Chess is a very difficult and competitive game. It’s extremely hard to become one of the best players in the world. To do so, you need to do almost everything right throughout your chess career. You should never squander opportunities to learn or grow as a chess player if your goal is to be one of the best in the world. (...) That means every time you have the chance to play a Grandmaster in a tournament game, you take advantage of that opportunity. You don’t take a draw in 15 moves, you don’t give a draw in a slightly better position to secure some rating points. Whenever one of our talented players does one of these things, they are hurting their chances at being one of the world’s best by a very tiny amount. The  problem is that we congratulate them for it!

Since then, Shahade got back into chess some more, and at the moment he is again playing on a regular basis. In an article published on February 17th, 2013 he reveals that he has "softened" his views on taking easy draws in final rounds in order to earn norms.

In theory it’d be nice to not care about titles, but you can't expect someone to ignore the huge benefits. (...) So I’ll revise my viewpoint as follows. There are certain goals in chess that are very important to achieve. These are mainly winning major tournaments and earning FIDE titles. If a draw will help to facilitate one of these two things, it’s totally acceptable to lose the opportunity to play one single chess game in order to achieve these goals. (...)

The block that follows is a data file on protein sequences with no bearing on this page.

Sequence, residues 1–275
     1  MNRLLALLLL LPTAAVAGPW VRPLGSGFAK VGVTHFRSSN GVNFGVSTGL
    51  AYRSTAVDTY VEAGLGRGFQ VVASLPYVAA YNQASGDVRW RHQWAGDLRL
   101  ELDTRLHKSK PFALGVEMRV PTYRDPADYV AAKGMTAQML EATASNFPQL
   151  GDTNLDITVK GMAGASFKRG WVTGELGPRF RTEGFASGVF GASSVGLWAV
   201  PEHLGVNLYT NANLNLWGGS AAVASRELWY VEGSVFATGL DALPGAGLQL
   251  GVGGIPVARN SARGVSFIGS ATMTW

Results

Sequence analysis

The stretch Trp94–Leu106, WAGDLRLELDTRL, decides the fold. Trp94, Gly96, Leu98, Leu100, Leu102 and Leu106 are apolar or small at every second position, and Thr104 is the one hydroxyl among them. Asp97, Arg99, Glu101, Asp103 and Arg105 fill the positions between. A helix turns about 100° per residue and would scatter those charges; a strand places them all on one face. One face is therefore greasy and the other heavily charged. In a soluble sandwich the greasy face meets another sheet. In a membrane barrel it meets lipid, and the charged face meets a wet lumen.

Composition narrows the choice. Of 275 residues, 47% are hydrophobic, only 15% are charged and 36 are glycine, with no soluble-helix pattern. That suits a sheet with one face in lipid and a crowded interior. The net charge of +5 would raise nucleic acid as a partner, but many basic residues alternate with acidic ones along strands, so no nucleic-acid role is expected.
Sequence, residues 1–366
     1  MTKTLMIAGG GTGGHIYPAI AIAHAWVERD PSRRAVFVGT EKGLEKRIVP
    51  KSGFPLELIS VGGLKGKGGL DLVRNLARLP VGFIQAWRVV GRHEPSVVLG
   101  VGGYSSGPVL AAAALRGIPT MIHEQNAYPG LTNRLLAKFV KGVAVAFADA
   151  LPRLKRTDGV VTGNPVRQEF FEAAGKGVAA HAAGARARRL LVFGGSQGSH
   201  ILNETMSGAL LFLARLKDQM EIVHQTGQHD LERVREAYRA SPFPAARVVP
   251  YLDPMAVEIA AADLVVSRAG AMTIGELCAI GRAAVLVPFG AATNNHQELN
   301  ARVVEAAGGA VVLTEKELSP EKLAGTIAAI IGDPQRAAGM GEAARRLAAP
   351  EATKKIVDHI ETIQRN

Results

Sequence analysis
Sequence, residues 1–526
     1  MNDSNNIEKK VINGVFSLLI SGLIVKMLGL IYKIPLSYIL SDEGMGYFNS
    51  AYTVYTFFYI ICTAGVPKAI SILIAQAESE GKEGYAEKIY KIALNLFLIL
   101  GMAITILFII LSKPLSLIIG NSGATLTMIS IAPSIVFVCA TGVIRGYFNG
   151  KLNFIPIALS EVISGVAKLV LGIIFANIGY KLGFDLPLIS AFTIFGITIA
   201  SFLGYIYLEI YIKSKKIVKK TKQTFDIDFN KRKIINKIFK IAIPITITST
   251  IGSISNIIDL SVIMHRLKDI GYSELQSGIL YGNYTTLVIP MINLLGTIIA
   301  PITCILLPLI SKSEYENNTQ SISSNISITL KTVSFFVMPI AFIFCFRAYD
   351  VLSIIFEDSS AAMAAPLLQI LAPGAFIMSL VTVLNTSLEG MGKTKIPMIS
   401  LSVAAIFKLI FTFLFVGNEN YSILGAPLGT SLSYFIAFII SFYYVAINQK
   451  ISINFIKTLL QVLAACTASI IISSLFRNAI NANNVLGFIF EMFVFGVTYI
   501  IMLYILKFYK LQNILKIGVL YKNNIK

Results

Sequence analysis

This assumes the rules of the tournament allow you to take a quick draw- more and more events require 30+ moves. Events which attract lots of press and media attention may also be a particularly poor choice for taking quick draws- you may lose the opportunity for future invitations or sponsorship. I still think quick draws are not good for chess, but the onus on disincentivizing lifeless draws should be on organizers more than on players.

Rogers on Eljanov-So

Ten days after Shahade's article the game Eljanov-So at the Reykjavik Open was played, which caused quite a stir at various chess websites. By now everyone knows that the game lasted just three moves; the ones that define the Grünfeld Defence. In my report for the official website I made clear that I was disappointed. I must add that although I was working for them, I wasn't necessarily expressing the organizers' opinion, but I still feel that most people in the chess world think something is wrong when the biggest game of a tournament lasts less than a minute. But what exactly is wrong with it?

GM Ian Rogers, in his online report on the Reykjavik Open for Chess Life Online, didn't mince words. The well-known Australian journalist wrote that

Shahade should never have resiled from his attitude expressed in an earlier article (...) as a teacher, one of his responsibilities is to teach moral fiber to his students. Or at least personal responsibility for their decisions.

Rogers continued:

One leading chess journalist was ropable after the Reykjavik finish and declared that neither So nor Eljanov should be invited back to the tournament – or other top tournaments - if they held the organizers and their fans in such contempt. Appeals that Eljanov and So were really nice guys cut no ice – players had to be taught that their actions which damage chess, even though perfectly legal, can have consequences.